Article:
Friday, July 04, 2008

Sometimes, it's hard to be a woman

I’ve always considered myself a feminist. I am a woman, therefore I am in favour of the promotion of equal rights for women. It seems very much like a no-brainer for me.
Now I know there is a view out there that us feminists are scary creatures who don’t shave our armpits and wander about bra-less plotting ways to do away with the male sex. The truth is really quite different. For one, I do shave my arm pits and I need the structure of and support of a good bra. I’m not getting any younger and gravity is taking its toll.
And secondly I don’t hate all men - a select few drive me to distraction - but then again so do a select few women.
What feminism, to me, is about is women having rights to make choices. If we want to work, we work - but we get paid the same as our male colleagues for it. If we want to stay at home, we are supported to do so and our role as a mother is valued. It’s also about the most basic of human rights.
Without the feminist movement it would still be legal for rape to occur within a marriage. A woman would not be able to apply for a mortgage or credit without a male relative’s signature. We would not be able to control our fertility on our terms. We would not have access to education in the way we do now and it would still be acceptable for a male colleague to act inappropriately towards us and get away with it.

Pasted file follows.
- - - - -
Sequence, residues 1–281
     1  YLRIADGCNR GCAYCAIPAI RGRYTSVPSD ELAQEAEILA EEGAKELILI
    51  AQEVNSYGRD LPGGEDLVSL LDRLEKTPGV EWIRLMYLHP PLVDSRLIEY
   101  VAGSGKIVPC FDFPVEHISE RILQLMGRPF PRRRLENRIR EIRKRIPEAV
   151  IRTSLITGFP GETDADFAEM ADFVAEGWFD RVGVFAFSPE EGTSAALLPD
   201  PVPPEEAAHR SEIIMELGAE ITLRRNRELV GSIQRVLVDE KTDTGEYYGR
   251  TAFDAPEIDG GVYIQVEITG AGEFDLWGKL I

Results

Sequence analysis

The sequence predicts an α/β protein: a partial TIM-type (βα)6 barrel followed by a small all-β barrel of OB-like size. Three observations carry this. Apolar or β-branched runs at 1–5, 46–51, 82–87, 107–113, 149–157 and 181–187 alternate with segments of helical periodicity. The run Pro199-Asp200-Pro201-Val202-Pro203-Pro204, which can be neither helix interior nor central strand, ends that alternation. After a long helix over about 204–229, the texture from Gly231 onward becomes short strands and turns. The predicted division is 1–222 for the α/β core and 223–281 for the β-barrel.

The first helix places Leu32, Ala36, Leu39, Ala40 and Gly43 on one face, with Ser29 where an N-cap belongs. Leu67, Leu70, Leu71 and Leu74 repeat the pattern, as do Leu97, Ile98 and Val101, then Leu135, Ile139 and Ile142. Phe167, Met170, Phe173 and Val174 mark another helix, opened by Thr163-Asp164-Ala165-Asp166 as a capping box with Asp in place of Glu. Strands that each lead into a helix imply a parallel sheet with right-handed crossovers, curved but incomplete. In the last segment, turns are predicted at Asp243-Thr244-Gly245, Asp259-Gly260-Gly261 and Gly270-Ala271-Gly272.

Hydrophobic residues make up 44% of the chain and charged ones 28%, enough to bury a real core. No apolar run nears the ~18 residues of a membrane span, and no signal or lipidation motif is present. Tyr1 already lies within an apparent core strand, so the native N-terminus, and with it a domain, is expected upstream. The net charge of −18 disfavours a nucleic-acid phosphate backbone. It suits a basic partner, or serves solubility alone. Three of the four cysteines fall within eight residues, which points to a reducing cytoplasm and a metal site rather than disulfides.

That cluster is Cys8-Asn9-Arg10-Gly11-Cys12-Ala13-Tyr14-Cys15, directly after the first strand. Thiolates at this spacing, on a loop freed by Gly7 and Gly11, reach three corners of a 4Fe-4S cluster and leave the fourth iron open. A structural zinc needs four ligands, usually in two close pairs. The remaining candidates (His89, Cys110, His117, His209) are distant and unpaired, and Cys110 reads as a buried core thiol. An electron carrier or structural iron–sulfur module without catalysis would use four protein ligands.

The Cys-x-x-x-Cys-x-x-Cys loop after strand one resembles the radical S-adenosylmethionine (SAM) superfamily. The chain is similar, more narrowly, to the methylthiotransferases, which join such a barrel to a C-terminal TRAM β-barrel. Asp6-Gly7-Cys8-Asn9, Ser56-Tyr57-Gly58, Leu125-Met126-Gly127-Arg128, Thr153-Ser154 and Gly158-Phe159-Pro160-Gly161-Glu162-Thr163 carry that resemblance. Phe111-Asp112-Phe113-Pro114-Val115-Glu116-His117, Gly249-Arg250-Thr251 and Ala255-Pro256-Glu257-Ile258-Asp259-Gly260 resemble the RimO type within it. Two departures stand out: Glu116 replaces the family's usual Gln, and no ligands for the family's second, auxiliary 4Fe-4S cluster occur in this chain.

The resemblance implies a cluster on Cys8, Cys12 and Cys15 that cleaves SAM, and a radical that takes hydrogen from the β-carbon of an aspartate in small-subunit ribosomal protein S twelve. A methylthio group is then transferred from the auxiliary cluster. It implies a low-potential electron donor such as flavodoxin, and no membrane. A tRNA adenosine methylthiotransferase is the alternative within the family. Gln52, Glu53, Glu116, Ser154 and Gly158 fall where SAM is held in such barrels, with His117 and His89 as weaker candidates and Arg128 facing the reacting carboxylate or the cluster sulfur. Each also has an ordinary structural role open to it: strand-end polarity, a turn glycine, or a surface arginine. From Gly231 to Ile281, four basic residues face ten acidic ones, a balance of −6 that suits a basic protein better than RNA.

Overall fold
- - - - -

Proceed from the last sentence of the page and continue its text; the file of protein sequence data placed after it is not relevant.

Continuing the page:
Again, as far as I’m concerned, it’s a no brainer that women - all women - should be in support of such rights. I don’t think it makes any of us hairy legged hippies who are expecting the unreasonable.
But still there are a lot of people who don’t like the word. There are also a scary amount of people out there who think that feminism won its battle in the 60s and 70s. An article I read this week showed that couldn’t be further from the truth.
Are you a fan of Dragon’s Den? Do you admire the great minds who dole out the money and business advice week in and week out? I have to admit I quite like it - it’s a bit of entertainment but when I read the comments of one of the judges, Theo Paphitis, this week the red mist descended. He commented that women "get themselves bloody pregnant and ... they always argue that they'll be working until the day before, have the baby, go down to the river, wash it off, give it to the nanny and be back at work the following day, but sure enough, their brains turn to mush, and then after the birth the maternal instincts kick in, they take three months off, get it out of their system and are back to normal".